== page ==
The scaffold was draped in black.
The depth of the black stood out against the springtime grass – the stark contrast between life and death was what I thought of.
I had come to the execution of Queen Anne Boleyn to support my mistress. I was a maid to Mary Boleyn, the Queen’’s dear sister, who stood a few feet away from me, saying nothing at all. I had, however, met Queen Anne many times myself. She had been so kind to me that I resented the idea of her dying – I thought it was absolutely preposterous of King Henry to do something like that to such a beautiful, intelligent, enchanting woman in the prime of her life.
I guessed that it must be nearly nine o clock, as we had arrived quite some time ago. The executioner bought specially from Calais stood in his mask, waiting for his duty to be done. I scanned the crowd; the Duke of Suffolk was present, Queen Anne’s renowned enemy, and also the King’s bastard, the Duke of Richmond.
There was a rush of sound from the people as four women appeared, leading the good Queen Anne to her doom. I was amazed at how mesmerizingly beautiful the Queen still was, despite living through such an ordeal. She wore a nightgown of grey damask, which went ever so well with her raven-black hair. Her hair was put up under some sort of net and covered with a gable hood. Her came was lined with rich white ermine, something of the like I had never seen before, and she wore a crimson kirtle beneath her gown. To me it was ever so daring of her to wear such a thing.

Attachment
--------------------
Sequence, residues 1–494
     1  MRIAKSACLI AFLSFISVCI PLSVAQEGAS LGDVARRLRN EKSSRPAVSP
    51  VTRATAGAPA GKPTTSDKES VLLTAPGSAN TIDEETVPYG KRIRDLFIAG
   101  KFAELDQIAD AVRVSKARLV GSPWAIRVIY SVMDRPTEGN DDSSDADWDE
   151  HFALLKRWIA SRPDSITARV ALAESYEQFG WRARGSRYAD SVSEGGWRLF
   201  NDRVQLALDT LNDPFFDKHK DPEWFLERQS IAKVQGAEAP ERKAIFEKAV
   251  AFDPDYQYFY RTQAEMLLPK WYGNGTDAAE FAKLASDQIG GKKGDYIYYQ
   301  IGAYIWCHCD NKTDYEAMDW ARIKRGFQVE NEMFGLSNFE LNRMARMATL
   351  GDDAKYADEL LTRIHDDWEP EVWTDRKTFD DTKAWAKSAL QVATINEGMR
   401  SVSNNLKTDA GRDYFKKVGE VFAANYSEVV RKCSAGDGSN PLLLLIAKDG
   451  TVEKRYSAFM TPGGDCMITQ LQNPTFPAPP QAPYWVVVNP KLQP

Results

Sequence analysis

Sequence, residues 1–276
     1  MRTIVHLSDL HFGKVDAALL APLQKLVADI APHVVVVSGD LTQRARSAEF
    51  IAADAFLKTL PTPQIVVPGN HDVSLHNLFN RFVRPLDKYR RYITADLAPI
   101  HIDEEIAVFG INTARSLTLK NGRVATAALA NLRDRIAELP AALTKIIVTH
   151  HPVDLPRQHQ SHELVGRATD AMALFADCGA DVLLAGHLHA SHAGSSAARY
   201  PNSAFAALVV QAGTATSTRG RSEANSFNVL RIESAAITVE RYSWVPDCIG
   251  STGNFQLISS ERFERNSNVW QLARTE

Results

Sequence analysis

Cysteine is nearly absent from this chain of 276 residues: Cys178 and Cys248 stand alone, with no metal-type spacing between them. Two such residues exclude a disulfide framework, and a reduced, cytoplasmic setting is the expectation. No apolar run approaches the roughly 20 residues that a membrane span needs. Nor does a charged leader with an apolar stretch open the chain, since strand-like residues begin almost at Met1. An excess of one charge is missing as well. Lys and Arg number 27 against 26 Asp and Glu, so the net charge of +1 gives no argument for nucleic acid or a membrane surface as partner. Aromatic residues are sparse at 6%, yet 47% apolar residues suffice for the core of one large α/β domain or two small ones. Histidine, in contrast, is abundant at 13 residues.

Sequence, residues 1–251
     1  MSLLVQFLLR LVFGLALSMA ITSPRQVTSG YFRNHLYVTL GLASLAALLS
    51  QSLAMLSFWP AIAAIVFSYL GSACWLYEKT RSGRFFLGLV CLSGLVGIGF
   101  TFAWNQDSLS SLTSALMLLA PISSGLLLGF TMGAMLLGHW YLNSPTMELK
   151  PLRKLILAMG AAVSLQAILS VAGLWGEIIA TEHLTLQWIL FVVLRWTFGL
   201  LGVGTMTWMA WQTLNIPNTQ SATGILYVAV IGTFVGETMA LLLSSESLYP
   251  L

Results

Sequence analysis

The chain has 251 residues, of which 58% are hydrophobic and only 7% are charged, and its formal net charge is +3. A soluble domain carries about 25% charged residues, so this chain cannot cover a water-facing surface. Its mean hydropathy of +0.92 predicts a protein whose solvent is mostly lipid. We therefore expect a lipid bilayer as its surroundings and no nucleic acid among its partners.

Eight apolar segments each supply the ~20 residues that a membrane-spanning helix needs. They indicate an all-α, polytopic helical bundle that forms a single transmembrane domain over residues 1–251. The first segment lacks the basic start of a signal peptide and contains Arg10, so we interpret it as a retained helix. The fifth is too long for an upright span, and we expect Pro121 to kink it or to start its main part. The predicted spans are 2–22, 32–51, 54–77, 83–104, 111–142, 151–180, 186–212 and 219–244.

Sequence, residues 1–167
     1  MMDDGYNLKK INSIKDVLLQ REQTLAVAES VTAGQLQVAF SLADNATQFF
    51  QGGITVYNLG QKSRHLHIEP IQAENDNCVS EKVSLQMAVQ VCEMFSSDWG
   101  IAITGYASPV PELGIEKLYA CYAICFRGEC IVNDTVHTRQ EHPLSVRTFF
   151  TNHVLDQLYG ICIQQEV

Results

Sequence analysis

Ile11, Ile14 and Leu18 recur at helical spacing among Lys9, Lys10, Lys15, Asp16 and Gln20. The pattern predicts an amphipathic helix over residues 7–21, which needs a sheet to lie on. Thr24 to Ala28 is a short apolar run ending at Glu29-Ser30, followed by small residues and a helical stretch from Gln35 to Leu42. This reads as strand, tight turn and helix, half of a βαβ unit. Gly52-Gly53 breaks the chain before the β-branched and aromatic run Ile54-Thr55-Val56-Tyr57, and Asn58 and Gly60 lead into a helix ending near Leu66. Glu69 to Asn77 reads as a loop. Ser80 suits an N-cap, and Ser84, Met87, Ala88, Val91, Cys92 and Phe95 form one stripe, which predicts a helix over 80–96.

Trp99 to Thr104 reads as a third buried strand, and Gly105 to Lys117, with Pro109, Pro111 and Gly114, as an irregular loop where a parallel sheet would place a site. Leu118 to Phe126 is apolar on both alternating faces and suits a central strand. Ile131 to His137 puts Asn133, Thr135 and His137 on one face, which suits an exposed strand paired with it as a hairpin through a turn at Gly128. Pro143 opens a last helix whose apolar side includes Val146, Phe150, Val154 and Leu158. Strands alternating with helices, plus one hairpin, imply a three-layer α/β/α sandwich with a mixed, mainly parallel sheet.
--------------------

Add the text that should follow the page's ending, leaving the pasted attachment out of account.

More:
Upon mounting the scaffold, she looked out haughtily over the crowd, and began her speech.
“Good Christian people, I am come hither to die, for according to the law and by the law I am judged to die, and therefore I will speak nothing against it. I am come hither to accuse no man, nor to speak anything of that whereof I am accused and condemned to die.”
I could hear no more of her speaking, as my mistress’ sobs were too noisy beside me to be able to hear such things. But as soon as she was done Queen Anne looked over to us, and I am sure I saw her smile at Mary.
I watched closely and tearfully as the Queen graciously forgave her executioner, handing him a bulging purse as payment. She removed her own headdress before kneeling on the black cloth, taking one last look at the sweeping skies before the linen was tied over her eyes by her sobbing companions.
“Boy, fetch me my sword!” cried the executioner. I frowned, I did not understand – he was already holding the gleaming sword in his hands.
But it did the trick.
Anne turned, to the sound of his voice, and with one smooth, elegant sweep, the executioner chopped that stunning, regal, calculating head from her body.
By Lauren Duddell
- The Lady in the Tower – Alison Weir
- Anne Boleyn – Marie Louis Bruce
- Traitors of the Tower – Alison Weir